Nav: Home

Some personal beliefs and morals may stem from genetics

February 25, 2019

A new baby is often welcomed with speculation about whether they got their eyes and nose from mom or dad, but researchers say it may be possible for children to inherit their parents' moral characteristics, as well.

The researchers found that while parents can help encourage their children to develop into responsible, conscientious adults, there is an underlying genetic factor that influences these traits, as well.

Amanda Ramos, Training Interdisciplinary Educational Scientists fellow at Penn State, said she hopes the study can help start a conversation about how and why these characteristics -- referred to as "virtuous character" -- develop.

"A lot of studies have shown a link between parenting and these virtuous traits, but they haven't looked at the genetic component," Ramos said. "I thought that was a missed opportunity because parents also share their genes with their children, and what we think is parents influencing and teaching their children these characteristics may actually be due, at least in part, to genetics."

Previous research has found associations between virtuous qualities like social responsibility and conscientiousness with well-being and civic engagement. But while school-based interventions have been developed to help promote these traits, they are not always successful. Ramos wanted to dig deeper and explore whether genetics could explain why some people develop these traits while others do not.

The researchers used data from 720 pairs of siblings -- including identical and fraternal twins, full siblings in divorced and non-divorced families, half siblings, and unrelated siblings -- and their parents.

Ramos said including pairs of siblings with a wide variety of relatedness was helpful to discovering both genetic and environmental factors that influence traits. For example, identical twins have identical DNA, while step-siblings do not share any genes but do share a home, or environment.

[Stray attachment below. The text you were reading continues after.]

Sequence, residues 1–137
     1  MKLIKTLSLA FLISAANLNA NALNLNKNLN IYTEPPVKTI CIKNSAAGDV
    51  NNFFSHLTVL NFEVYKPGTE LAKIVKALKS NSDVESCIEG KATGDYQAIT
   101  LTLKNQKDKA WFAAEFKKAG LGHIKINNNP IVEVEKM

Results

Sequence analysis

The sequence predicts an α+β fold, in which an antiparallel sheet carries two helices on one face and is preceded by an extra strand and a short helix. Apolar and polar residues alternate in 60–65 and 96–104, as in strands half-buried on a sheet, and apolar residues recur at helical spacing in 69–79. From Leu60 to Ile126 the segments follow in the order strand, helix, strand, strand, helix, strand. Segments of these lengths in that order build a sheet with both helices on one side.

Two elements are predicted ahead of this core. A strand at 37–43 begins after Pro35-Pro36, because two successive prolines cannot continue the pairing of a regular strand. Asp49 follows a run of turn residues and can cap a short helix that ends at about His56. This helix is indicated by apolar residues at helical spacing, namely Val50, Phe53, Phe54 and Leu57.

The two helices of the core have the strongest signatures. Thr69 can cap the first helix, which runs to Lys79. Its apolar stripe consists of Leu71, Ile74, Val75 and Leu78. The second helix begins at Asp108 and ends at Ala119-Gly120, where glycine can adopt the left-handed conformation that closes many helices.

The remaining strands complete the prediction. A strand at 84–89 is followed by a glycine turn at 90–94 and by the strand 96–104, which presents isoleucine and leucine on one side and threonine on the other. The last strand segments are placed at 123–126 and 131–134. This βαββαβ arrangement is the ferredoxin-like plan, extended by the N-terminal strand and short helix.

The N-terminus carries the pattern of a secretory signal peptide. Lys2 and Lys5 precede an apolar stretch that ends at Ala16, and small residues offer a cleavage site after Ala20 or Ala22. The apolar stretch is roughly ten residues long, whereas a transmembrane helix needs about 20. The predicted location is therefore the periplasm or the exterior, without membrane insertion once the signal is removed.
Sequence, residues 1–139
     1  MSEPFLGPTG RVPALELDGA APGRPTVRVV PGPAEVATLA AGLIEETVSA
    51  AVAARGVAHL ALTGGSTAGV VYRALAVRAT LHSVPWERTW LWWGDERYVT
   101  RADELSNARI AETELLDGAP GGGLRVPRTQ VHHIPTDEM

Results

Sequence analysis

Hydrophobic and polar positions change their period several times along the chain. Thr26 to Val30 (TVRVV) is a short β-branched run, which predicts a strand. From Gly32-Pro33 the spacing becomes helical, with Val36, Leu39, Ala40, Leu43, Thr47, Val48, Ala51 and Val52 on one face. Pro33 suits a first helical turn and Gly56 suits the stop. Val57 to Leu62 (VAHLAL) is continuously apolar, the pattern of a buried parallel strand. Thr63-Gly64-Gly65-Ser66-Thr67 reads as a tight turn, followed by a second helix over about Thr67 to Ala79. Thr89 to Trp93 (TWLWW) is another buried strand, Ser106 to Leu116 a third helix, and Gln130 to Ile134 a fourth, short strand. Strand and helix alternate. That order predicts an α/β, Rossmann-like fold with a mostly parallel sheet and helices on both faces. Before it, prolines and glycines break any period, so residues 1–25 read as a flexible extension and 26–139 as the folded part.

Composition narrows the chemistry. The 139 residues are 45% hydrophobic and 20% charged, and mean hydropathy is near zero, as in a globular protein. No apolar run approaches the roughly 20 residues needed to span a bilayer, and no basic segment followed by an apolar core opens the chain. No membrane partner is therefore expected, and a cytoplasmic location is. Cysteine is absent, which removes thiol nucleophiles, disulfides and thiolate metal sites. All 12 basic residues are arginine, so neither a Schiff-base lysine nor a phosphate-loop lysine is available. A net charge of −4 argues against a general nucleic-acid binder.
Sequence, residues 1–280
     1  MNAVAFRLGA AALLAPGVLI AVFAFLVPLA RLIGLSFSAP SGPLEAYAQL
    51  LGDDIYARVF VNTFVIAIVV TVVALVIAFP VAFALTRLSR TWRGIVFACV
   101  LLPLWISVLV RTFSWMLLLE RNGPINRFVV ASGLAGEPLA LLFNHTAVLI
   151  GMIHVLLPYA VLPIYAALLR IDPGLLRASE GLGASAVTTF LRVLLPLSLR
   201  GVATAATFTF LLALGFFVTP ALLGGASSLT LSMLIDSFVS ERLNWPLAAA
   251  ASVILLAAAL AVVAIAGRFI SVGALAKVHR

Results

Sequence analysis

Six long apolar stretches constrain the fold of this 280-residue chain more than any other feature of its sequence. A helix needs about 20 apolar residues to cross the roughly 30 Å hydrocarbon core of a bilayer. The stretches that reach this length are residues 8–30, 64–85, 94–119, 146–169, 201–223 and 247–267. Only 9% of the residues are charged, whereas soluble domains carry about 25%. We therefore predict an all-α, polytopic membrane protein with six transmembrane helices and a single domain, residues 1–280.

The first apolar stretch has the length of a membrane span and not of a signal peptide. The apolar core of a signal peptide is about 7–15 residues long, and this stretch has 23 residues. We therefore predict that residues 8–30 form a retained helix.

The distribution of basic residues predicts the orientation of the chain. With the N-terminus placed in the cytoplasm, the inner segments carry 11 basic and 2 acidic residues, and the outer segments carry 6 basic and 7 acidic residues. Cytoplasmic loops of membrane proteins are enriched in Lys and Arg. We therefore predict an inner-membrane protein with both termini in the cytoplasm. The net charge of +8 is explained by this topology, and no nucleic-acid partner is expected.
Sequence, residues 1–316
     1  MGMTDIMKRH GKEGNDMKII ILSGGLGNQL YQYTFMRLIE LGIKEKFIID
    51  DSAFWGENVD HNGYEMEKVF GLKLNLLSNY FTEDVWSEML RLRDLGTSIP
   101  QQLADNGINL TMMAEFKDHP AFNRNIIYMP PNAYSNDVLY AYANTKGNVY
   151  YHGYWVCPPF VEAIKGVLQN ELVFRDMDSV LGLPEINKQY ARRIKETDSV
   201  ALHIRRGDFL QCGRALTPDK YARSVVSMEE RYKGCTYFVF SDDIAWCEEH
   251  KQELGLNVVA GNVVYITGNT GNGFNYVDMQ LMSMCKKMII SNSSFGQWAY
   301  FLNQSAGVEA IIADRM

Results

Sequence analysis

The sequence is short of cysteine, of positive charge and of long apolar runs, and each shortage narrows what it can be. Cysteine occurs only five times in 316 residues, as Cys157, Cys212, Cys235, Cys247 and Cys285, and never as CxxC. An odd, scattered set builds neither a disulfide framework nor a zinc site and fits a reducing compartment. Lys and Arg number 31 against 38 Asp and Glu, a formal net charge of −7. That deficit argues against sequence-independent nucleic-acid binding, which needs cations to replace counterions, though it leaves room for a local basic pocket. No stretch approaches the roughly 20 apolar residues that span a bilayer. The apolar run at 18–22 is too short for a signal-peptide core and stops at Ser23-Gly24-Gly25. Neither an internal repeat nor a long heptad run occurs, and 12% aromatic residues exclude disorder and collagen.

"If identical twins are more similar than fraternal twins, for example, it's assumed there's a genetic influence," said Ramos. "Including multiple degrees of relatedness can give you more power to disentangle the genetic influences from the shared environment."

The researchers gathered participants' data first during adolescence and then again in young adulthood. They measured parental positivity -- such as responsiveness and giving praise -- as well as parental negativity, like yelling and conflict. They also measured the children's responsibility during adolescence and conscientiousness during young adulthood.

After analyzing the data, the researchers found that while positive parenting was associated with their children being more responsible and conscientious, those associations were stronger in siblings that were more closely related.

Ramos said that because of the similarity of the siblings, the results suggest that the traits are partially genetic.

"Essentially, we found that both genetics and parenting have an effect on these characteristics," Ramos said. "The way children act or behave is due, in part, to genetic similarity and parents respond to those child behaviors. Then, those behaviors are having an influence on the children's social responsibility and conscientiousness."

Jenae Neiderhiser, Distinguished Professor of Psychology and Human Development and Family Studies at Penn State, said the findings -- recently published in the journal Behavior Genetics -- help better explain how parents shape their children's character.

"Most people assume that parenting shapes the development of virtuous character in children via entirely environmental pathways," Neiderhiser said. "But our results suggest there are also heritable influences. This doesn't mean that if parents are conscientious that their children also will be regardless of how the children are parented. It does mean, however, that children inherit a tendency to behave in a particular way and that this shouldn't be ignored."